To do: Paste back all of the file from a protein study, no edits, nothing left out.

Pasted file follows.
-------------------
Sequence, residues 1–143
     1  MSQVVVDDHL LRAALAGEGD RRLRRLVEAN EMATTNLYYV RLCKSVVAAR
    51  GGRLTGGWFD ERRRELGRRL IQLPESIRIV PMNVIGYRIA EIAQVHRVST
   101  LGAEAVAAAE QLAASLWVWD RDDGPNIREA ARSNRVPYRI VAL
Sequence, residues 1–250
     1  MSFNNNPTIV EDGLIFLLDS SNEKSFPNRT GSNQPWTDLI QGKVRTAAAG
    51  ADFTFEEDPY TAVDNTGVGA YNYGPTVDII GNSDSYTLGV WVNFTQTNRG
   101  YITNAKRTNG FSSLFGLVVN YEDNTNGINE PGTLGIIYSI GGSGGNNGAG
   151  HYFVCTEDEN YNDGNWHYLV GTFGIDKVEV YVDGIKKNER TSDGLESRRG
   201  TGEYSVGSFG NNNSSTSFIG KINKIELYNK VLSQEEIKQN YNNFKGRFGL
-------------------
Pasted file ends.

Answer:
Sequence, residues 1–143
     1  MSQVVVDDHL LRAALAGEGD RRLRRLVEAN EMATTNLYYV RLCKSVVAAR
    51  GGRLTGGWFD ERRRELGRRL IQLPESIRIV PMNVIGYRIA EIAQVHRVST
   101  LGAEAVAAAE QLAASLWVWD RDDGPNIREA ARSNRVPYRI VAL
Sequence, residues 1–250
     1  MSFNNNPTIV EDGLIFLLDS SNEKSFPNRT GSNQPWTDLI QGKVRTAAAG
    51  ADFTFEEDPY TAVDNTGVGA YNYGPTVDII GNSDSYTLGV WVNFTQTNRG
   101  YITNAKRTNG FSSLFGLVVN YEDNTNGINE PGTLGIIYSI GGSGGNNGAG
   151  HYFVCTEDEN YNDGNWHYLV GTFGIDKVEV YVDGIKKNER TSDGLESRRG
   201  TGEYSVGSFG NNNSSTSFIG KINKIELYNK VLSQEEIKQN YNNFKGRFGL